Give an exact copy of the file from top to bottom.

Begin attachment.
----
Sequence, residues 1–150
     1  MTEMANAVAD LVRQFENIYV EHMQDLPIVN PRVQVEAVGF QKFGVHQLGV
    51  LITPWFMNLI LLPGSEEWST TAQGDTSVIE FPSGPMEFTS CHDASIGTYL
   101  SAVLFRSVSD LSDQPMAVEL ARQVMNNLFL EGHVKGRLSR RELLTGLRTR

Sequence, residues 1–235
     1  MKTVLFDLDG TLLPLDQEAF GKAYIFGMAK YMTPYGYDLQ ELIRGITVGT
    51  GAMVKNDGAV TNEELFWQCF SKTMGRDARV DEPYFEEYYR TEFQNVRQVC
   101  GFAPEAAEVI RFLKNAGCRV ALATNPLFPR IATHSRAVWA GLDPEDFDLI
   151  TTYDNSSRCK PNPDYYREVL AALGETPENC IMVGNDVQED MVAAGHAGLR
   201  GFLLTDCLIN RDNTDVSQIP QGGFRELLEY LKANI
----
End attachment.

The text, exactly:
Sequence, residues 1–150
     1  MTEMANAVAD LVRQFENIYV EHMQDLPIVN PRVQVEAVGF QKFGVHQLGV
    51  LITPWFMNLI LLPGSEEWST TAQGDTSVIE FPSGPMEFTS CHDASIGTYL
   101  SAVLFRSVSD LSDQPMAVEL ARQVMNNLFL EGHVKGRLSR RELLTGLRTR

Sequence, residues 1–235
     1  MKTVLFDLDG TLLPLDQEAF GKAYIFGMAK YMTPYGYDLQ ELIRGITVGT
    51  GAMVKNDGAV TNEELFWQCF SKTMGRDARV DEPYFEEYYR TEFQNVRQVC
   101  GFAPEAAEVI RFLKNAGCRV ALATNPLFPR IATHSRAVWA GLDPEDFDLI
   151  TTYDNSSRCK PNPDYYREVL AALGETPENC IMVGNDVQED MVAAGHAGLR
   201  GFLLTDCLIN RDNTDVSQIP QGGFRELLEY LKANI